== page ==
The proposed contract would require practices to link up with others to ‘work at scale and benefit from pooled expertise and resources’, the King’s Fund said.
It would focus more on outcomes, rather than inputs, by providing incentive payments to reward practices for meeting certain goals, and penalising those that fail to do so.
In its report on the future of general practice commissioning and funding, the King’s Fund recommended that GPs sit at the centre of family care networks that provide a wider range of services than most general practices are currently delivering.
Under the proposals GPs would work with community nurses, health visitors, pharmacists and social workers to deliver 'all but the most specialised and complex care' outside hospital. This should include out-of-hours care and ensuring that services are available 24/7 to meet urgent care needs, it said.
However, the King’s Fund stressed that the new contract should be optional rather than compulsory.
It said: 'Practices would still be able to work under the current contract including being able to provide enhanced services. However, practices able and willing to do more would have the opportunity to take on a budget with which they would form federations to deliver care and integrate with other services.'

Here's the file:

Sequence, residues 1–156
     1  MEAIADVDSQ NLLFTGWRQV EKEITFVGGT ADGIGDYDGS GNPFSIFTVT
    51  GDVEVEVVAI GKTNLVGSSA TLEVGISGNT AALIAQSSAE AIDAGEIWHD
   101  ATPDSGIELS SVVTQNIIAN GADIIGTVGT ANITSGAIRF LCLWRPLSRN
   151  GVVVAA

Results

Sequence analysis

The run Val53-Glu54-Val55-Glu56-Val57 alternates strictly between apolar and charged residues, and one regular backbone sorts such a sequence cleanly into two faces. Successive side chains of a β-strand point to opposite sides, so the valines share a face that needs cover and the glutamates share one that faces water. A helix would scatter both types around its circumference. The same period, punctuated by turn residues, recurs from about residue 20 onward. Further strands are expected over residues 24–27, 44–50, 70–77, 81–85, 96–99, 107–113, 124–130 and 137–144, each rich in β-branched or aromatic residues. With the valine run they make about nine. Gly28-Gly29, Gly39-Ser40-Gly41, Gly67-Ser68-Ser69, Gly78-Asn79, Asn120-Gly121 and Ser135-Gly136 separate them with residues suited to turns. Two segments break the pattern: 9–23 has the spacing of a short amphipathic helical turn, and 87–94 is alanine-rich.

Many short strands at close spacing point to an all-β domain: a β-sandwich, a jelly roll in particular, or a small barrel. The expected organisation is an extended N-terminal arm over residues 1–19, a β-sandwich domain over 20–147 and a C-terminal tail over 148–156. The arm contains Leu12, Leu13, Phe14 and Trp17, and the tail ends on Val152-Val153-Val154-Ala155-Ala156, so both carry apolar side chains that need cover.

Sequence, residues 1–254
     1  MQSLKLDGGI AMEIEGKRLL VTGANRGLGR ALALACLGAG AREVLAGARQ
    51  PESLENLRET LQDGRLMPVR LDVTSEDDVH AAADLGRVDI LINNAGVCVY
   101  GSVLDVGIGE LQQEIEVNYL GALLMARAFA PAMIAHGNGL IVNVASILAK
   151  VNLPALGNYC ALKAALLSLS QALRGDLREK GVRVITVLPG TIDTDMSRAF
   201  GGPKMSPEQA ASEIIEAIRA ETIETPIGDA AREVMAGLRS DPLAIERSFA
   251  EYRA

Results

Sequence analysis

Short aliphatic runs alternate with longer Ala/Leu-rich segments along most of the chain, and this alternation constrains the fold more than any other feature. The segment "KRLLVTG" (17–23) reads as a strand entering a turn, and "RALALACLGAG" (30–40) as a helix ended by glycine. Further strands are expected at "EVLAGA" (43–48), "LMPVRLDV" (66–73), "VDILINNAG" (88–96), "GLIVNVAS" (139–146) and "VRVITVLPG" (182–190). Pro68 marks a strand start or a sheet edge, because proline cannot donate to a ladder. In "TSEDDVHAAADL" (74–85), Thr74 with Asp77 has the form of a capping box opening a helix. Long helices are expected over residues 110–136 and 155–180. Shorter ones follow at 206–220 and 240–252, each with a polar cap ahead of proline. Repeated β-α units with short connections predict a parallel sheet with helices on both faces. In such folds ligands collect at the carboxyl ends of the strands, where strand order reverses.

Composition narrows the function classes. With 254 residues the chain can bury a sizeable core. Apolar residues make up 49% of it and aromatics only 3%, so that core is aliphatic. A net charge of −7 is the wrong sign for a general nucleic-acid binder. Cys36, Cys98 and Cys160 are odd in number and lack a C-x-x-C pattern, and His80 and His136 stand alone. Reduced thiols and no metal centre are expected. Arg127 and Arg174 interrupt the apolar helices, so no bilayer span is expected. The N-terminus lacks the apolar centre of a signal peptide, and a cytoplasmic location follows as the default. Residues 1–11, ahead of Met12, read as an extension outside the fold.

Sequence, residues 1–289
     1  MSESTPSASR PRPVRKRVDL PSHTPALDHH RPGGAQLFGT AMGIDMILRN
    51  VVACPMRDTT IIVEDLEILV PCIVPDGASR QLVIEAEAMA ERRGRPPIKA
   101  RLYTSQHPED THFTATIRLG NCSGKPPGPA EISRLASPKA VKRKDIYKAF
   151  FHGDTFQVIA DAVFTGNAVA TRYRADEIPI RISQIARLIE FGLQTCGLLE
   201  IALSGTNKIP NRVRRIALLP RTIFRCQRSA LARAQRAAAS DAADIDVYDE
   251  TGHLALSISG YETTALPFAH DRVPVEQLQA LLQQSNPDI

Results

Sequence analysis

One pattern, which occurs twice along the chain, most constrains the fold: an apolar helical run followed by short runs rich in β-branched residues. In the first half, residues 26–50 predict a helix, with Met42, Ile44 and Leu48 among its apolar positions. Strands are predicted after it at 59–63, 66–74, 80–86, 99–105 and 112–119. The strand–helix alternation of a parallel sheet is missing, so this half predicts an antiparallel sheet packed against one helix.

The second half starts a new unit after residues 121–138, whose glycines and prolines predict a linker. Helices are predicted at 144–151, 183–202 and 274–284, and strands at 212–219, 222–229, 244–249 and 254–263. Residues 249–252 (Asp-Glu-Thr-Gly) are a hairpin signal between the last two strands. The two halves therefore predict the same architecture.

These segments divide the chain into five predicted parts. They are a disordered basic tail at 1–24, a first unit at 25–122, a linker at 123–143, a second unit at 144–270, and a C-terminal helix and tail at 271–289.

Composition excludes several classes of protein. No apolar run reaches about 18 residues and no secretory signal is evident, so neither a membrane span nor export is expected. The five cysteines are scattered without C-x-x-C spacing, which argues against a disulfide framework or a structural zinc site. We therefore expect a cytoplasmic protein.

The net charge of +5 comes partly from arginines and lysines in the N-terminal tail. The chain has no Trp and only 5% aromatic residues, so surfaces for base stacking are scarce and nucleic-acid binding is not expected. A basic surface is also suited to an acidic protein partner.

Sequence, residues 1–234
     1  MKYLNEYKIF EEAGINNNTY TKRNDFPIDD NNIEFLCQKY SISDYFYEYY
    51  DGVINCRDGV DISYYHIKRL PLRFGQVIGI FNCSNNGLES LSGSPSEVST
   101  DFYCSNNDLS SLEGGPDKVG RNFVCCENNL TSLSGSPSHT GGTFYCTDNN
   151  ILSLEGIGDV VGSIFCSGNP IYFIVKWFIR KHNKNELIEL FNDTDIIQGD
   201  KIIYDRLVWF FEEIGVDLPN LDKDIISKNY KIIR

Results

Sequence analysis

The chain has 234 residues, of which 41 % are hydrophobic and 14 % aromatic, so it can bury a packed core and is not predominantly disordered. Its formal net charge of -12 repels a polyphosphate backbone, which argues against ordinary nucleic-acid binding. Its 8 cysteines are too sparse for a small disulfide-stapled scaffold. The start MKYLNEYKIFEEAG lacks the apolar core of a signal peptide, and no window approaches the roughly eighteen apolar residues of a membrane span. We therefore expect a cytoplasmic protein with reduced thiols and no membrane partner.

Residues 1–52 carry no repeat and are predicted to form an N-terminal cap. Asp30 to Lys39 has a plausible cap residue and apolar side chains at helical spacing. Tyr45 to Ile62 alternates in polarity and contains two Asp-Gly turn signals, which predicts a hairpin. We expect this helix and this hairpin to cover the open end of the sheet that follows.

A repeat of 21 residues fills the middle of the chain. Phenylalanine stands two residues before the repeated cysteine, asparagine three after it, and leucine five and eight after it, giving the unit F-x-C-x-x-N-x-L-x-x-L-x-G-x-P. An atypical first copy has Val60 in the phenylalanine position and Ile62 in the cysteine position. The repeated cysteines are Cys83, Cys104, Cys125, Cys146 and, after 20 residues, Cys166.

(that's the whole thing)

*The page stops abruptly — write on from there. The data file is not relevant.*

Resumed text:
The King’s Fund said this approach was underpinned by the recognition that GPs’ role as providers of care is more important than their commissioning role.
It said the recent reforms have focused too much on the involvement of GPs in commissioning and too little on how the role of GPs as providers can be strengthened.
It said integrated commissioning would be needed to implement the new contract, which it said would reverse ‘the fragmentation brought about by the Health and Social Care Act 2012’.
This could mean that ‘area teams’ may eventually take on the current commissioning responsibilities of CCGs, thereby reinforcing the role of GPs primarily as providers, it said.
Professor Chris Ham, chief executive at The King’s Fund and one of the report’s authors, said the new funding and commission model could help GPs find innovative ways of working.
He said: ‘At a time when NHS budgets are increasingly under pressure and the proportion spent on general practice is in decline, these proposals could bring funding into general practice if GPs take responsibility for providing and co-ordinating a wider range of services.
‘GPs are well placed to do this because of the registered lists of patients, but it would also be possible for trusts providing hospital and community-based services to take on the leadership role, working with GPs as partners.’
But Dr Chaand Nagpaul, chairman of the GPC, said there is no evidence that a wholesale change of contractual basis of general practice would deliver any real benefits to patients.
He added that general practice does not need another reorganisation to follow the 'incredible time consuming and costly restructuring' GPs have just undergone.
He said: ‘In its current form, the GP contract enforces nationally agreed standards of care across the country while allowing practices the flexibility to tailor their services to the demands of their local community.
‘The King’s Fund alternative would see GP services subsumed into wider commissioning budgets that would both make it more difficult to guarantee national standards and hinder the ability of local GPs to truly manage the services they deliver.’